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The Death of the "To-Do" List?

The Death of the "To-Do" List?

If you're like most people managing a work list, you depend on a To-Do list to keep you on track. The To-Do list has traditionally been a powerful tool. Pilots rely on a To-Do list (or Checklist) to make sure their planes are ready for takeoff; and NASA used the same method for sending men to the moon, putting the space shuttle into orbit and the construction of the space station. What's more, a search on Google or the App Store will reveal hundreds of potential To-Do applications that can be downloaded and used for free or very little cost.

Unfortunately, the organisational need to facilitate more effective collaboration and have real-time visibility into projects and deliverables is relegating the To-Do list to Saturday projects and other non-critical endeavors for many.

What Am I Doing Now and What Should I Be Doing Next?

The answer to this question is critical for organisations that depend on people to execute projects and other initiatives. When team members aren't sure about what they're doing now and what's next, they flounder and become less productive. An effective task list enables people to see the complete picture, allowing them to take ownership of what's happening now as well as what's in the queue. The To-Do list doesn't do this very well.

Easy as this sounds, particularly for organisations that depend upon project-based work to get things done, it's sometimes easier said than done. Managing the queue of tasks and projects in today's organisation can be challenging with cross-functional teams stepping over organisational boundaries to make requests, ad hoc work that demands immediate attention and fewer people trying to get more and more done. I have sometimes felt like I wanted to put a fence around the team to insulate them from the constant barrage of requests that have nothing to do with the objectives they are held accountable for. A "just get-er done" mentality doesn't work anymore either (if it ever really did)-adding more and more tasks to the To-Do list actually makes it more difficult to get work done.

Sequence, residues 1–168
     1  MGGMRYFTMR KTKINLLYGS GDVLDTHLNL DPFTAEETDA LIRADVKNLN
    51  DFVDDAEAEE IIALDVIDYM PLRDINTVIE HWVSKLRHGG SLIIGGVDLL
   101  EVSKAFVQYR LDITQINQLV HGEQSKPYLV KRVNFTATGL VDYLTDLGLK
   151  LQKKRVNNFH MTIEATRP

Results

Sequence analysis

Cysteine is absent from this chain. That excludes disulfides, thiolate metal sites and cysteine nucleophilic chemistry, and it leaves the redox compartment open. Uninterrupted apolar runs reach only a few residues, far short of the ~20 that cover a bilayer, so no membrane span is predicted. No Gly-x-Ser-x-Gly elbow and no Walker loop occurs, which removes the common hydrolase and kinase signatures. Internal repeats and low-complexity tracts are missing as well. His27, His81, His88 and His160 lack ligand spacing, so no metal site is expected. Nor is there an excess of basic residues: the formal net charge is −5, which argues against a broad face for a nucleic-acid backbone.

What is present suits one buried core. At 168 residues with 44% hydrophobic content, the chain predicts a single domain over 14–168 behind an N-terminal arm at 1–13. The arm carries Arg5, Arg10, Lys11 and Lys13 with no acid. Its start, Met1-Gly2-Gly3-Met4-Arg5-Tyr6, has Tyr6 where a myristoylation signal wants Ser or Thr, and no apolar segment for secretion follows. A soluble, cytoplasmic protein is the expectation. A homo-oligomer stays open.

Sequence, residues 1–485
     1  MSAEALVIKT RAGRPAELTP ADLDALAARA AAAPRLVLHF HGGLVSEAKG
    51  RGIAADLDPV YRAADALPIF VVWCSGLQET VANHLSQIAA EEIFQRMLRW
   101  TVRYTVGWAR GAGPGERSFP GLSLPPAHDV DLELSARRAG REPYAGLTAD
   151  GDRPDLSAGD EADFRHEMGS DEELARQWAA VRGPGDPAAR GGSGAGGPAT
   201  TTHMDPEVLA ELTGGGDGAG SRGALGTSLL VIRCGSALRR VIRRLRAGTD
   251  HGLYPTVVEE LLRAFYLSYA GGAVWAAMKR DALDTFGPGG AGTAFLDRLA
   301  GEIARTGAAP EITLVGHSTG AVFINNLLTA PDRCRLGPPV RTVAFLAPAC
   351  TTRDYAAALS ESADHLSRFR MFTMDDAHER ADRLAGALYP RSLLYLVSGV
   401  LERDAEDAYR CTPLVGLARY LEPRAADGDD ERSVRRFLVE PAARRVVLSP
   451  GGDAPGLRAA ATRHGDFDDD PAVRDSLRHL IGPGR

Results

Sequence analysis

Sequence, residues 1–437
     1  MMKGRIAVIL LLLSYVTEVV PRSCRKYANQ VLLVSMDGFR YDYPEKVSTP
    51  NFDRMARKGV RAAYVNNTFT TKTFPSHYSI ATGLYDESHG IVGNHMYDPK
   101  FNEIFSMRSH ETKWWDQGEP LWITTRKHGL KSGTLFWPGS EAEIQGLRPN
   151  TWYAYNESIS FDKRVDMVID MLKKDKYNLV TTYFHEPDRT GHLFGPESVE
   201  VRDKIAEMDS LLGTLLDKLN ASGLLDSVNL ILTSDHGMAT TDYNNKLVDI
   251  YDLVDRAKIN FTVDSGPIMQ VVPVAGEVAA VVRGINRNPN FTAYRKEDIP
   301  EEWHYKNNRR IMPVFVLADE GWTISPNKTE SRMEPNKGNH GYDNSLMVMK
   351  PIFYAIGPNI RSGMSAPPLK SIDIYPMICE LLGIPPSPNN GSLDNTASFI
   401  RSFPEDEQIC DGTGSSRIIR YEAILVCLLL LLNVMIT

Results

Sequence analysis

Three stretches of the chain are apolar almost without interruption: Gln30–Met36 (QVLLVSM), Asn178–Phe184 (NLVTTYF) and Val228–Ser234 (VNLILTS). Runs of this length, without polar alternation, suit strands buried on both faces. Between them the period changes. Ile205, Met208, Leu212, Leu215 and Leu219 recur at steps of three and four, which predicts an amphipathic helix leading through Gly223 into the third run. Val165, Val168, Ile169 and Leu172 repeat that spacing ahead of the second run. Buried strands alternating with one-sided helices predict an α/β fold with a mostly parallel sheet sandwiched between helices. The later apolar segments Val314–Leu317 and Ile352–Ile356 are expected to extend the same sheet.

Earlier this year Teresa M. Amabile and Steven J. Kramer in their book, The Progress Principle: Using Small Wins to Ignite Joy, Engagement, and Creativity at Work[1], suggest, "People need to know what goal they're trying to reach, but they have to have autonomy in order to get there. It's a delicate balance. You do want to make sure people understand what their mission is, but you don't want to micro-manage them. If you do, their creative thinking shuts down and you lose the value of their unique talents, expertise, and perspectives."

Are My Accomplishments Recognised?

Unfortunately, as important as the answer to this question may be, in most organisations, the answer is "no". To-Do lists don't do a very good job of capturing the accomplishments (or at very least the competed tasks) associated with a project or other work. In a study commissioned by AtTask[2] and conducted by Forrester Research, it was interesting to learn that 40 percent of knowledge workers surveyed didn't believe that their managers understood the value of their contribution to the goals and objectives of the organisation. The number was even worse when they were asked about the executives. 60 percent answered that they didn't believe the executives within their organisation understood their contributions either.

Most people take pride in what they do and want to contribute to something worthwhile-bigger than themselves. They want to feel as thought their contributions are of value; and that the organisation values them. Capturing accomplishments is important, but only part of the equation, facilitating an transparent environment where contributions are visible to both managers and peers is critical and something a To-Do list doesn't do.

Do I Have the Tools I Need to Do My Work Right?

Simple as this may sound, it's amasing how some of the tools we regularly take for granted can help or hinder teams. Sometimes it's as simple as the right phone system or email client. It also includes the tools we use to manage work.

Collaboration is an important part of successful projects and other work. Regardless of your work management solution, if it doesn't facilitate a collaborative environment, provide visibility into tasks, issues and projects to everyone on the team, and facilitate a means to recognise accomplishments, it falls short.

Empowering people to do what they do best requires we give them the right tools for the job-organisations that do that are able to increase efficiency, enable teams to better collaborate and ultimately become more successful.


[2] Social Project Management/PPM, Tim Harmon and April Lawson